Prayer: Powerful and Effective

“Prayer: Powerful and Effective”

James 5-16 prayer of righteous, words

James 5:13-20 (5:16) – September 30, 2018

If anyone has been following the news in the past weeks out of Washington, you know that journalists have been trying hard to get as much information as possible about the people and the situations involved. Journalists always are on the lookout for reliable information. They want to answer some basic questions: Who, What, When, Where, and Why. If you can answer those five questions clearly, you will have a good, solid news story.

The past two weeks have been a roller coaster for many people. With the nail-biting news about the Supreme Court nomination, many people across the United States have been sitting on the edge of their seats. While I am not going to play politics or tell anyone which Washington politician or opinion is right or wrong, as a pastoral caregiver I do pay close attention to people’s emotions and reactions.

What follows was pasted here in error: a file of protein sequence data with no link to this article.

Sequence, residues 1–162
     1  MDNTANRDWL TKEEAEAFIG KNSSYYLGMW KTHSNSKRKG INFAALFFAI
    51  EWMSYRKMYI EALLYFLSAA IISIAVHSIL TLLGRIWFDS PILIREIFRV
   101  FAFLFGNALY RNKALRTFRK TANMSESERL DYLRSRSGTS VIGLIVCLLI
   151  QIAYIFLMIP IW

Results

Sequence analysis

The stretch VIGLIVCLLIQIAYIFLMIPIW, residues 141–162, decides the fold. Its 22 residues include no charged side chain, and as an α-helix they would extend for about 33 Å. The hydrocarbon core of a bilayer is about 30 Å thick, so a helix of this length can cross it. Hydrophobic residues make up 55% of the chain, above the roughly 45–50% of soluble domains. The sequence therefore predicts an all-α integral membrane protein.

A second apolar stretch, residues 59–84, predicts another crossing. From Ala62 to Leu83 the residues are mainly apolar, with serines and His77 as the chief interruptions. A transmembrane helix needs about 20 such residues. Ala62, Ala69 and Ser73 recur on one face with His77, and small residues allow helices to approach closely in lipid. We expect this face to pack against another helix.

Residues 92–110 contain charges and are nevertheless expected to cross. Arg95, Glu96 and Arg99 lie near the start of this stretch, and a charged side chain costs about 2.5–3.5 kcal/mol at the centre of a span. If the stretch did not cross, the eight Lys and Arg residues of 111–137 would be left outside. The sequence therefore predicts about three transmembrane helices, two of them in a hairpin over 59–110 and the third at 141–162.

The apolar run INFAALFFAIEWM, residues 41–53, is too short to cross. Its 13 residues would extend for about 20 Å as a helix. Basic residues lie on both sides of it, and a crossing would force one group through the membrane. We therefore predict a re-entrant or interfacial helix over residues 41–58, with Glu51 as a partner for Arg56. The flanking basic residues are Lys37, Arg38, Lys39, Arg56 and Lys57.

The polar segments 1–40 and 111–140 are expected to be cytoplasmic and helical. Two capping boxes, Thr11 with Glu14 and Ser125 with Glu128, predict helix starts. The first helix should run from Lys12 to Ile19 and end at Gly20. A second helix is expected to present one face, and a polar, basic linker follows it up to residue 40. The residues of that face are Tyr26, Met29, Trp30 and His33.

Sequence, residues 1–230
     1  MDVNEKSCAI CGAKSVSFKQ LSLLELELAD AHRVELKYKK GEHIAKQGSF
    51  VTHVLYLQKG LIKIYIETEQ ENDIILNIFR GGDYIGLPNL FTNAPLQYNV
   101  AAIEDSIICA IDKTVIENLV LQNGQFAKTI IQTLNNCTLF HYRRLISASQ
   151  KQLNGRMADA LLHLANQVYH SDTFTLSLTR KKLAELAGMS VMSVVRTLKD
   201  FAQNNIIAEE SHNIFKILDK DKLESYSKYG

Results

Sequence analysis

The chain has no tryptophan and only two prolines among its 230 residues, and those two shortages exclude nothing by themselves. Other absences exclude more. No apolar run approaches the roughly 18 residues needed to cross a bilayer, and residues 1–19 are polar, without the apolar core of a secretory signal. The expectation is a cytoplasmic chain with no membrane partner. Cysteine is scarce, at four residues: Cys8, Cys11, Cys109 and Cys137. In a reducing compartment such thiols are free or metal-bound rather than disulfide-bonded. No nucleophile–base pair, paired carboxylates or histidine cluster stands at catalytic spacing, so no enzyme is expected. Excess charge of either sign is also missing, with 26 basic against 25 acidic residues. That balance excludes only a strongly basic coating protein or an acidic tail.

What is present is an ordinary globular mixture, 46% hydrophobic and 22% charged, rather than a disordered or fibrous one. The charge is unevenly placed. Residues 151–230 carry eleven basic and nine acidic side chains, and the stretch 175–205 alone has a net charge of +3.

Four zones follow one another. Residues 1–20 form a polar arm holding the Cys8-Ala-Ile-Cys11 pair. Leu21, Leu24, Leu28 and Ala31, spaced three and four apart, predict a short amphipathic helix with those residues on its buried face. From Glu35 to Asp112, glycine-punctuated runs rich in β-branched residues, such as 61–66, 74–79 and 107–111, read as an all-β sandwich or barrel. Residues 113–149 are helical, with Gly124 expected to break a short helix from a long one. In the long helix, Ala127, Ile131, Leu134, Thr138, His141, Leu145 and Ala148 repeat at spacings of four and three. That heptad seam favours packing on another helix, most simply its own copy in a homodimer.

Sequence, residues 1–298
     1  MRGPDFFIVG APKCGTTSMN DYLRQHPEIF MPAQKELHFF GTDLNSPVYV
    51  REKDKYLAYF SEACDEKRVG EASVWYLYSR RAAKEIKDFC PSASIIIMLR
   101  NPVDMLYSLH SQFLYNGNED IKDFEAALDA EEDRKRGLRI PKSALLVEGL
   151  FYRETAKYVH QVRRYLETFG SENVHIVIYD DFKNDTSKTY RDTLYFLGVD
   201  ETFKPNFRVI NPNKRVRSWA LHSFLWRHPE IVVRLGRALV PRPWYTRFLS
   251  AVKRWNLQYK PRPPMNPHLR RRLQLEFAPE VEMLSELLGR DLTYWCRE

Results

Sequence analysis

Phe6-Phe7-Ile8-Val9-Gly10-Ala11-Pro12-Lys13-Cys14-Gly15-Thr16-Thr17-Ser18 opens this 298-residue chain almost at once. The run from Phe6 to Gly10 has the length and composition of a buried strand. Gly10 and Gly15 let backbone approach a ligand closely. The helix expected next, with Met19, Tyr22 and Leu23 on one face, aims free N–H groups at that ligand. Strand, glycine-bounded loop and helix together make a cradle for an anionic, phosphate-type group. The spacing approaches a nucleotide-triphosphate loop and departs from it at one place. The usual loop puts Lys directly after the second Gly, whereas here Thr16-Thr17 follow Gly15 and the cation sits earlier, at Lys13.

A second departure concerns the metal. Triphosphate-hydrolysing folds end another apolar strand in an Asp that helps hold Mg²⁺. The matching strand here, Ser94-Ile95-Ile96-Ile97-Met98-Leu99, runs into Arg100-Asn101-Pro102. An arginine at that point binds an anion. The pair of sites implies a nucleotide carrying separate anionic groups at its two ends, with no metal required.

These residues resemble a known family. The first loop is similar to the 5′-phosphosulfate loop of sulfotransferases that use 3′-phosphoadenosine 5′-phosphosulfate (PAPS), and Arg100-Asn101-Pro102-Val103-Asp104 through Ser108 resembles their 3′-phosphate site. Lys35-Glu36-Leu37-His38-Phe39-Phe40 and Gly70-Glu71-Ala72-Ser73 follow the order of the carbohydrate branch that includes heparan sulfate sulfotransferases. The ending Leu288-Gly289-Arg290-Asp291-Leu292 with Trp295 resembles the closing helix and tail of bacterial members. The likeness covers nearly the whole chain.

What I have seen in these past days are the overwhelming number of people with heightened emotions and reactions to anxious, even fearful situations. As someone involved in pastoral care and trained as a chaplain, I notice these things. In our scripture reading today, we find the apostle James talking straight about how to pray, and thus deal with things similar to these: heightened emotions and reactions to anxious situations.